Have you ever heard about that strange extra floor some people carry around for their tents? That’s called a footprint, and it can protect your tent floor from being damaged plus help keep you and your gear dry during harsh weather. But what are the pros and cons of this accessory? Do you need a tent footprint? And if so, how do you choose the right one?
Bringing a footprint for the tent is for some people something obvious as they deem them necessary. But in most cases that’s because of their types of trips. You see, a footprint isn’t for everyone. They have pros and cons that you have to take into consideration when deciding if you need one. Some which are more important than others.
Why Tent Footprints Are Necessary
Protects Your Tent's Ground Sheet
A strong groundsheet (not ultralight ones) can add extra protection to your tent’s groundsheet. This can be very useful if the tent groundsheet is made out of a thin fabric, or if you camping on rough terrain. Waking up a morning with a hole in the groundsheet just isn’t worth it! However, many groundsheets are capable of withstanding some bad surfaces.
The tent footprint necessity boils down to where you’re planning on pitching your tent and what fabric its groundsheet is. The take picture above for example. The ground was full of small rocks of shark corners which would without doubt cut through the groundsheet in a second.
This is without question the best part of adding a footprint! It adds extra water resistance. Some tents have surprisingly low groundsheet waterhead ratings(a.k.a. water column), in which case adding a footprint might be essential to stay dry. It’s hard to know exactly how high a water column your tent needs, but a waterhead rating of 10 000mm is a good rule for camping on snow. We recommend that you at least bring an ultra-light footprint if you’re using an ultra-light sense they usually have a very low water column for their groundsheets.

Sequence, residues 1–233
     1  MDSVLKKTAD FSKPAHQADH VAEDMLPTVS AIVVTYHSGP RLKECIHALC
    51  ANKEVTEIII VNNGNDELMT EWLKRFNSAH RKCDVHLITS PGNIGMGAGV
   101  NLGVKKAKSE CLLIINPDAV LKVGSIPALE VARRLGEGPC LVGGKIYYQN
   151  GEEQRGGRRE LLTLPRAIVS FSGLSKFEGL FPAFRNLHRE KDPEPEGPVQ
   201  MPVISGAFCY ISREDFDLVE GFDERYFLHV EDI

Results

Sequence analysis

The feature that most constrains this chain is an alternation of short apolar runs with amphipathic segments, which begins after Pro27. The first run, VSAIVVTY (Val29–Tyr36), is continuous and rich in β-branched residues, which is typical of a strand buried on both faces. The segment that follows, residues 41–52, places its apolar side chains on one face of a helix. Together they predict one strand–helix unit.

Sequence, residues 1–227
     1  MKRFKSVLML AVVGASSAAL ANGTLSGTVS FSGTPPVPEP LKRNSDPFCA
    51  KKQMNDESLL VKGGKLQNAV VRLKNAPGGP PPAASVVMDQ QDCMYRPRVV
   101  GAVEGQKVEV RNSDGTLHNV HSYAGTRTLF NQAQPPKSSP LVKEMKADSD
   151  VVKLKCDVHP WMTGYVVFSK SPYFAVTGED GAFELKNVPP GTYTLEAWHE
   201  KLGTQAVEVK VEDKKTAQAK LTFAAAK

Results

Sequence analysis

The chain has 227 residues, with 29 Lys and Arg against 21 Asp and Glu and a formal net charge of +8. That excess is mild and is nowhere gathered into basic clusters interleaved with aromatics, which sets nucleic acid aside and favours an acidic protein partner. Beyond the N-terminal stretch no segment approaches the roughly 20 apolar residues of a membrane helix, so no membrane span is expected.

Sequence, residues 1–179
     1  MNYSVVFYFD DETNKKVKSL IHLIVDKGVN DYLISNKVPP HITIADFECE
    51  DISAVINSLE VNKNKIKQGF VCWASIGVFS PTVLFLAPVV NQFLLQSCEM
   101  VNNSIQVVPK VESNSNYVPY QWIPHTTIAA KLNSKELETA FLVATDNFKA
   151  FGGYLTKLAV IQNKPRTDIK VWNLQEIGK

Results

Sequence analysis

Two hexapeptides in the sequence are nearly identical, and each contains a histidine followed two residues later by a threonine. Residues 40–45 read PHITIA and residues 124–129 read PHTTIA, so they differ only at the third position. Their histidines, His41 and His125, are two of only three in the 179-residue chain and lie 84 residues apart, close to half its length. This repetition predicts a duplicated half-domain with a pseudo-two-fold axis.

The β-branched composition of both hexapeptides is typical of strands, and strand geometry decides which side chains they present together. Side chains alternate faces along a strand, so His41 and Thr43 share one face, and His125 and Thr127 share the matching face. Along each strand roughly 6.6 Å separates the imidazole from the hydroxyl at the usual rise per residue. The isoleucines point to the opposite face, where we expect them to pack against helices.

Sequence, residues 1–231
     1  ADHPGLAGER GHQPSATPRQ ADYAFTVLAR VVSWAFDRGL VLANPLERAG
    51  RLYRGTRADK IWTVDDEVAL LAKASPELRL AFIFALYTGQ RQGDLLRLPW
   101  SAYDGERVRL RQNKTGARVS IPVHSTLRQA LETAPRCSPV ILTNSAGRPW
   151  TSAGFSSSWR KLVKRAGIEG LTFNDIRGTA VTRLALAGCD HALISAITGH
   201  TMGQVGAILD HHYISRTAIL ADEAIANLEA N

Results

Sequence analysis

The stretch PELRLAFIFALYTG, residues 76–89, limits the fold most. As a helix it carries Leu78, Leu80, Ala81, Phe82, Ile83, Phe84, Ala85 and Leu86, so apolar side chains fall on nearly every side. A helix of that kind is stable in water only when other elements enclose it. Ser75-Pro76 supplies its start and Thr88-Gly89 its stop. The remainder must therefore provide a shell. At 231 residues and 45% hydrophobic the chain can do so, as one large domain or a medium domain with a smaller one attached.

The extra layer on the ground can add extra warmth due to two reasons. It can create isolated air pockets between the layers, and create more distance between you can the moist ground. The cold from the ground is something a lot of people tend to forget about, and therefore cheap out when it comes to sleeping pads.
This reason becomes important mainly when you’re camping in cold and wet areas/seasons. Adding extra warmth is often not preferred during the hottest days.
Might Add Floor In The Porch
A bit of extra floor in the tent can sometimes be appreciated. During rainy days when you might spend extra time in the tent, it can be nice to not have pale ground on your tent porch. Adding some additional floor can make the tent feel more like a home and help keep equipment stored on the porch dry. However, this might make it tricky to use your outdoor stove inside the porch unless you can fold some of the footprints beneath your groundsheet.
Potentially Easier Pitching
Using a footprint can sometimes save you time. When choosing the exact spot to pitch your tent, you can simply move around the footprint to see where it fits the best. And some models can even be mounted to the ground using pegs. This can really make a difference during stormy weather when the wind is trying to steal your tent while you’re pitching it.
Why You Should Not Use a Footprint
Footprints come in all materials and sizes. From ultralight plastic versions to extra-strong ones made for heavy-duty tasks. For instance, a homemade footprint one of our crew members created for a trip that would otherwise have torn the groundsheet apart the first night. This homemade groundsheet weighs around 350g, but there are of course lighter ones. Like the groundsheet for Nordisk Svalbard SI 1 that only weighs 250g with a water column of 10 000mm on its own. But it doesn’t stop there! Some ultralight tents are sold with just plastic sheets are footprints, with the main task to just keep moisture out.